In a recent blog post, Meta’s Global Head of Safety, Antigone Davis, emphasized the need for parents to approve their teens’ app downloads. Meta has taken a clear stance in supporting potential federal legislation that would mandate parental approval for app downloads for users under 16 years old.
“With this solution, when a teen wants to download an app, app stores would be required to notify their parents, much like when parents are notified if their teen attempts to make a purchase. Parents can decide if they want to approve the download. They can also verify the age of their teen when setting up their phone, negating the need for everyone to verify their age multiple times across multiple apps,” said Davis.
Meta’s position is grounded in recent Pew research, revealing that 81% of U.S. adults favor requiring parental consent for teens to create social media accounts. Despite this public sentiment, the blog post highlights the need for a more thoughtful consideration of who should bear responsibility for regulating teens’ access to social media and defining the operational parameters of these apps to protect teens.
Meta faces legal challenges from a coalition of 42 states and D.C. over alleged harms to teens and young users, citing concerns raised by whistleblower Frances Haugen. Haugen’s disclosures suggested that Meta was aware of the negative impact its platforms had on users, particularly issues like body image problems among teens, without taking adequate action. Despite hearings involving Instagram head Adam Mosseri defending the app’s safety record, no concrete decisions on regulating teen platform usage have been reached.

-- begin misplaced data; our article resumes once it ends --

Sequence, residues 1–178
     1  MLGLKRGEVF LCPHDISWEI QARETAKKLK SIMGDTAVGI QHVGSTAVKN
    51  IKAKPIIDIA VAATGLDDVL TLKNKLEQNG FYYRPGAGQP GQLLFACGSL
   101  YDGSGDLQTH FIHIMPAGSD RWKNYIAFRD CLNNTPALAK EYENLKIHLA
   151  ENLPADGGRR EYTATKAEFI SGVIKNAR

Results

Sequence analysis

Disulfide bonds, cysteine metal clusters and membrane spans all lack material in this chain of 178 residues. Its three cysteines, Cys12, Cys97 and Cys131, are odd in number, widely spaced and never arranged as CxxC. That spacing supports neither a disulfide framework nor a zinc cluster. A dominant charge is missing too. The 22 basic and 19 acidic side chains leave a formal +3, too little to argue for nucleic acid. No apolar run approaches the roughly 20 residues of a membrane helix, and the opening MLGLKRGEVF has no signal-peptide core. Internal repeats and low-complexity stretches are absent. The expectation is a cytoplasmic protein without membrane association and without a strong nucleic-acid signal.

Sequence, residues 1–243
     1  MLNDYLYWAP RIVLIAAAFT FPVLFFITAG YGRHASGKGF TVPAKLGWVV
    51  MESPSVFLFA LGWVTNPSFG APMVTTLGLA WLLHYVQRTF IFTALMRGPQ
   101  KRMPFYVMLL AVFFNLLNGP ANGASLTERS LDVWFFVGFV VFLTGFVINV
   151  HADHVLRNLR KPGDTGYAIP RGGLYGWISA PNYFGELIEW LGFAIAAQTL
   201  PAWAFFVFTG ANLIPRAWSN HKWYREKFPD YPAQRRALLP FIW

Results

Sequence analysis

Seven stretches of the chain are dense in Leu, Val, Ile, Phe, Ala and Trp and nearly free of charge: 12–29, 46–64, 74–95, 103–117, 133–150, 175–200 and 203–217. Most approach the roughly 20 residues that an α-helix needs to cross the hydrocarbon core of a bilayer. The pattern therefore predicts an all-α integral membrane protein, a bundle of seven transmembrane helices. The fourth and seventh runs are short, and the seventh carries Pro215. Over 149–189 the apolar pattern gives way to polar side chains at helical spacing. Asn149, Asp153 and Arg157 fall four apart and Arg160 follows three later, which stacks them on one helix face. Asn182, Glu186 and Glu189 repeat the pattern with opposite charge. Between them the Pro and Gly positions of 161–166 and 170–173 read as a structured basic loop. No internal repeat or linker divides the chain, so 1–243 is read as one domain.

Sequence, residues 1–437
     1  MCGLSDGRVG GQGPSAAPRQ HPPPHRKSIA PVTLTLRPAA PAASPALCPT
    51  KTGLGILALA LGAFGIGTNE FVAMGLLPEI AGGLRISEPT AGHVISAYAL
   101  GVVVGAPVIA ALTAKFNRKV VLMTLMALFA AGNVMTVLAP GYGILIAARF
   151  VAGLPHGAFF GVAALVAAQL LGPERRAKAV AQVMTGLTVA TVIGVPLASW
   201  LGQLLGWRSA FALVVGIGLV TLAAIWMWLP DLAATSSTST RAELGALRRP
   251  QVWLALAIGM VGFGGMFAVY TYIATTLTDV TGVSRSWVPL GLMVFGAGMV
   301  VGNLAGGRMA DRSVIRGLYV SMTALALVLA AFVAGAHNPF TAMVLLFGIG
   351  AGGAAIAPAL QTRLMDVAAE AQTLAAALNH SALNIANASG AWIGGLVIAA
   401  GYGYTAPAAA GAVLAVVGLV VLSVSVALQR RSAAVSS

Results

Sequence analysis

In response to these challenges, Meta has implemented self-regulation measures, introducing defaults and features to restrict teens’ access to content such as Take a Break, enhance privacy protection, and limit ad targeting for teens. Parental controls have also been introduced.
However, a second whistleblower, Arturo Bejar, has recently expressed concerns that Instagram’s safety measures were insufficient in protecting teens from sexual predators and unwanted advances. Bejar, hired as a consultant on the matter, brought attention to unresolved issues after years of efforts.
Reuters reported yesterday that a bipartisan coalition of U.S. Senators has sent a letter to Mark Zuckerberg, requesting documentation regarding the research conducted on the adverse effects of its social media platforms on children.
“Members of Congress have repeatedly asked Meta for information on its awareness of threats to young people on its platforms and the measures that it has taken, only to be stonewalled and provided non-responsive or misleading information,” the senators wrote in a letter.
Meta’s advocacy for parental approval legislation, as revealed in the recent blog post, is not a rushed response to Bejar’s claims but indicates a long-standing consideration within the company. It aligns with Meta’s belief that app stores, which already have age guidelines, should enforce them as part of a broader effort to regulate app downloads for teens.
The announcement also reflects Meta’s response to the absence of congressional action on online child safety regulations, such as the Kids Online Safety Act (KOSA). With states individually creating laws due to a lack of federal guidelines, Meta urges the involvement of app stores in shaping the regulatory landscape.